Ann Potterton argues that apprenticeships shouldn't just be for the bigger fish in the pond.
For many people running an SME can feel like walking a tightrope: a constant balancing act. The demands seem to be endless, there's never enough time to get everything done, and in the current economic climate, survival often takes priority over development.
Finding the time and thinking space to look at longer term issues can often take a backseat, and in particular, matters relating to staff recruitment and training are easy to put on hold – until there's a problem.
A well-trained, reliable workforce is the key to the success of any business – but in fields such as technology, IT and telecoms, it is even more vital. Team members need certain training and abilities to be able to do their jobs; training and abilities that the average person browsing the job pages simply doesn't have. This is a highly skilled sector, and ensuring a constant flow of new talent is essential.
"A well-trained, reliable workforce is the key to the success of any business – but in fields such as technology, IT and telecoms, it is even more vital."
The Technology Insight produced by e-skills in 2011 concluded that half a million new IT and Telecoms professionals will be needed within the next five years, and also reported that many companies with such shortages are experiencing delays in developing new products and services as a result. The Leitch Review stated that even if targets for improvements were met, the UK would still be lagging behind other comparable countries by 2020.
My field of expertise is telecoms, and within the industry the larger companies such as BT, Virgin Media and Cable & Wireless Worldwide tackle this skills shortage in part by operating their own highly successful apprenticeship schemes. The benefits of apprentices – not only in telecoms, but for all businesses – are well documented. A solid apprenticeship scheme can result in increased productivity; quickly plugged skills gaps, and a cost-effective way of recruiting and training staff.
Yet for many SMEs, apprenticeships seem out of reach. The barriers can seem insurmountable: already stressed managers baulk at the thought of more administration; and financial realities can make taking on an untested member of staff seem like a risk. Employing a young person and agreeing to provide their training is a lot of responsibility, and many SMEs are put off by the concept when they are already dealing with so many day-to-day trials. My organisation carried out research on apprenticeships when we were considering launching our own scheme, and these were the issues we came across. I'm sure that similar concerns are found across the board, not just in telecoms.
Taking on an apprentice, as opposed to a graduate or experienced employee, is perceived as taking a gamble. If you are a big business employing thousands of staff, one apprentice not working out will not present major problems – but if you are an SME where every penny counts, and every team member has an important role to play, it's a different story.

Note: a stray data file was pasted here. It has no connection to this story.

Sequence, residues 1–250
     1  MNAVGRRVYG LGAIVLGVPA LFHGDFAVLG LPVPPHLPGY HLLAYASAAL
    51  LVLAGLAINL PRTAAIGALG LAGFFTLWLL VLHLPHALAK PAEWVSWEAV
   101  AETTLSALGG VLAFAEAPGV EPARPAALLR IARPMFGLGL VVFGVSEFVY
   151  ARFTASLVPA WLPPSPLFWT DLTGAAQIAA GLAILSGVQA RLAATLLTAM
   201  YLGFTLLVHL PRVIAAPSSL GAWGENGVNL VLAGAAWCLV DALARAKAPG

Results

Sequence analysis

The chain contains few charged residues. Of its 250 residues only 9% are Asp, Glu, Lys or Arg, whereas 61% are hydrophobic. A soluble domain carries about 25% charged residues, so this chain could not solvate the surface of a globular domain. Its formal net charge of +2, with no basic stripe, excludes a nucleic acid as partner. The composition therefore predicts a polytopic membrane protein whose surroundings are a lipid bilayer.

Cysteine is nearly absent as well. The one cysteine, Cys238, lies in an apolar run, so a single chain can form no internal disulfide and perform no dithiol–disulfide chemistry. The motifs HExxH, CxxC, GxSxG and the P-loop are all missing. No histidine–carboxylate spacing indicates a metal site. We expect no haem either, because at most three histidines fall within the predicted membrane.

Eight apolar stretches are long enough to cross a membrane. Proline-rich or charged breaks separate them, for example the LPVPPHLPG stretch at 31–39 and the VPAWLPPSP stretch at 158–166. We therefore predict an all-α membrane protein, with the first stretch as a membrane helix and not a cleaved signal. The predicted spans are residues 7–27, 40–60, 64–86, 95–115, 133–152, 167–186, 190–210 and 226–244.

There are also issues around finances, and sourcing training, depending on which sector you work in. The Government and the National Apprenticeship Service has recognised these barriers, and are working hard to increase the amount of apprenticeships offered by SMEs. But ultimately it also comes down to having faith, and taking that gamble.
I believe the benefits far outweigh the risks. Young people may be untested, with no real track record in the workplace, but didn't we all start out that way? And don't we have a duty to offer opportunities to young people, allowing them to grow and develop their careers?
"Growing your own talent is like growing your own veg – you get it fresh, grown to your own requirements, as and when you need it."
A good apprenticeship scheme will be founded on good recruitment procedures: finding the right person for the right job hugely minimises the perceived risk of taking on an apprentice. A good apprenticeship will also be tailored to the needs of the business, whatever that business may be – which means that your bright, shiny apprentice will eventually graduate to become a valued member of staff with a thorough understanding of your organisation.
There will be no need to break bad work habits developed with another employer; or to retrain in different systems, or to wait for months for your new employee to adapt to the culture of your business. An apprentice that you have selected and trained will already be steeped in that culture, and have learned all the skills that you value.
Growing your own talent is like growing your own veg – you get it fresh, grown to your own requirements, as and when you need it. And – just ask anyone who has enjoyed a successful relationship with an apprentice – it can be just as satisfying.
- ITP research showed that 100% of respondents saw apprenticeships as a cost effective way of recruiting and keeping staff
- 100% saw them as a way of bringing fresh talent into the business
- Retention rates for apprentices are higher than for graduates
- Employers say they bring in new ideas, and inspire existing staff
- 100% of employers who didn't employ apprentices said they would like to in an ideal world
- 100% said the greatest barrier was the time and admin effort involved
Ann Potterton is chief executive of the Institute of Telecommunications Professionals. The ITP is the telecoms leading professional body, representing more than 8,000 members drawn from 200 different organisations and is therefore uniquely placed, to understand the needs of employers large and small.